John Z. DeLorean had his pet projects during his tenure at General Motors, but none were quite as passionate as his drive to give Pontiac a small, affordable sports car. That car, the 1964 Pontiac XP-833 Banshee, never made it to production -- but you can buy one of the two remaining prototypes on eBay.
Like the Corvette, the XP-833/ Banshee used a fiberglass body, and placed its engine ahead of the driver -- but that was virtually where the resemblance stopped. Pontiac envisioned a wide array of engine offerings to create a broad lineup, and knock down the base price to affordable levels. The base engine was supposed to be the 155-horsepower, 230-cubic-inch, overhead-cam I-6
Like the Corvette, the Banshee positioned its engine ahead of the driver. Unlike Chevy's sports car though, it would offer a variety of engine configurations to create a broader lineup. The base engine was to be the 155-horsepower, 230-cubic-inch, overhead-cam, inline-six-cylinder engine in the coupe here, but V-8 power -- including a 326-cubic-inch engine -- would have been available. Two running prototypes were built -- a roadster with the V-8, and this coupe, which uses the I-6.
With a curb weight of roughly 2200 pounds, the Banshee weighed in at roughly 500 pounds less than the Corvette of the time. Despite having less power, the Banshee was reportedly nearly as fast as a base Corvette. Because of this, along with the halo car status GM placed around the Corvette model itself, DeLorean perpetually had to hide the project from top GM brass to keep it alive. It didn't last long -- GM ordered the project halted soon after, and later did the same for the XP-798, which was a stretched five-seat version of the 833. After 798 was killed, Pontiac was forced to adopt the F-car program, which ultimately yielded it the Firebird.
Per GM policy, both Banshee prototypes were ordered destroyed, but both managed to disappear into thin air. DeLorean hid both within shipping crates, and Pontiac management ultimately sold them to employees originally tied to the development program. The roadster currently lives with noted concept car collector Joe Bortz, but the slender coupe shown here is currently up for grabs. This particular Banshee was purchased from GM by Bill Killen after who owned the car until a few years ago. Regardless, no owner has driven it extensively -- it features the original paint, interior, and drivetrain, and has only 1498 miles on the odometer.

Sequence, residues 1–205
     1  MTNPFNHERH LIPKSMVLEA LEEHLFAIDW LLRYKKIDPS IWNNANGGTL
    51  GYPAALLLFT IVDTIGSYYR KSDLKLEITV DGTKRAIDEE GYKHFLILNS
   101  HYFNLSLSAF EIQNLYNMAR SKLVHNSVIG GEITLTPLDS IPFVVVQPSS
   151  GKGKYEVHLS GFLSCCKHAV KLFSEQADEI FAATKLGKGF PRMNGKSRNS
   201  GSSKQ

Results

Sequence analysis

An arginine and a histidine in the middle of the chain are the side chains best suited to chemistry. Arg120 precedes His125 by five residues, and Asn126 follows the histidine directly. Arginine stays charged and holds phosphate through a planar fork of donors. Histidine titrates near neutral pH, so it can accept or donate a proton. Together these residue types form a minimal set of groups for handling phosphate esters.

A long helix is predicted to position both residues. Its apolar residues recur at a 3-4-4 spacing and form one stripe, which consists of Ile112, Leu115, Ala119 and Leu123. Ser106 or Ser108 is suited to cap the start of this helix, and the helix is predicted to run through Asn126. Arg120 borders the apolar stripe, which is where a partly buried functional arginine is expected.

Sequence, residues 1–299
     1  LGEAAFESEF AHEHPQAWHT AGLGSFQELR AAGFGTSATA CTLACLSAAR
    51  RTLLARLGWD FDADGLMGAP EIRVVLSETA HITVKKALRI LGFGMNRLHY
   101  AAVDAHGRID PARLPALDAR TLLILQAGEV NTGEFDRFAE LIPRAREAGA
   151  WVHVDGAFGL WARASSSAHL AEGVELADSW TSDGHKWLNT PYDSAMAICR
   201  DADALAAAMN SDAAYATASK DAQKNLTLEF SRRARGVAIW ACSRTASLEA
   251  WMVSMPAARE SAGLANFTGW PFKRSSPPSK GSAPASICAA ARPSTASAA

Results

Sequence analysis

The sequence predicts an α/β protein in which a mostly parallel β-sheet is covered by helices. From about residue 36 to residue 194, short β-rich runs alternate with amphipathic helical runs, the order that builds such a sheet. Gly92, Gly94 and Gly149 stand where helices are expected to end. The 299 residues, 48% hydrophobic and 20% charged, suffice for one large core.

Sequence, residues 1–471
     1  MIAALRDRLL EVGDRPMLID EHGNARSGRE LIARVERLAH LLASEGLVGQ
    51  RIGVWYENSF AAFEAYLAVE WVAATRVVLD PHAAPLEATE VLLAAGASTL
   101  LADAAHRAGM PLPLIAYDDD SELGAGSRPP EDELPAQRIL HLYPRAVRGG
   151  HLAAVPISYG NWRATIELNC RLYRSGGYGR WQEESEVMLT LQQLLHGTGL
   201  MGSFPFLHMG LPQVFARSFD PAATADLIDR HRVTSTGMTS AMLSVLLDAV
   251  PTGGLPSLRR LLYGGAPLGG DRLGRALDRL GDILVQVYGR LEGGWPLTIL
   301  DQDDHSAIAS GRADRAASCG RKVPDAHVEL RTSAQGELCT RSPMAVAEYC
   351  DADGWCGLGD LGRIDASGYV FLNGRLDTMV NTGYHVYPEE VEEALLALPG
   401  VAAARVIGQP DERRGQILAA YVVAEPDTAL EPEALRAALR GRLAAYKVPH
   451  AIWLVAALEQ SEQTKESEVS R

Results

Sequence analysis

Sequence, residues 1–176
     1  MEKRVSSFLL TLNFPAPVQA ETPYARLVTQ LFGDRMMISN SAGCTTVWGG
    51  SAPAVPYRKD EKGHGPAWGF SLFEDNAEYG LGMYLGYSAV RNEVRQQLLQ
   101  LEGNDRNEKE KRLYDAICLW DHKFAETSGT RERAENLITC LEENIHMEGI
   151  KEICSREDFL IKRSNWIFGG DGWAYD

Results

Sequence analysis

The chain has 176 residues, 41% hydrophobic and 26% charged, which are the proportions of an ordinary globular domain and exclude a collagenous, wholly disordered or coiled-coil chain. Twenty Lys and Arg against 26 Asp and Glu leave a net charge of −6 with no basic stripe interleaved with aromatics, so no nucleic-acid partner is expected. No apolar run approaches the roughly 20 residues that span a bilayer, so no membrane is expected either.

Why would you want one?
Because it literally is the only one, but perhaps more importantly, it's a beautiful piece of Pontiac's history. DeLorean may have been marred with scandal later in life, but he was virtually right on the money with the XP-833 -- even to this day, it's shape -- which is remarkably prescient of the C3 Corvette launched five years after -- is remarkably timeless.
If you're a die-hard Poncho collector and "just another" Firebird won't do, perhaps a Banshee is worth ponying up some extra cash for. At the time of righting, bidding has eclipsed the $105,000 mark, albeit the reserve has yet to be met. Seeing as it changed hands for seven figures earlier this decade, we're betting that reserve price may not be met for quite some time.
Check out the Banshee auction here and a short video of the car here.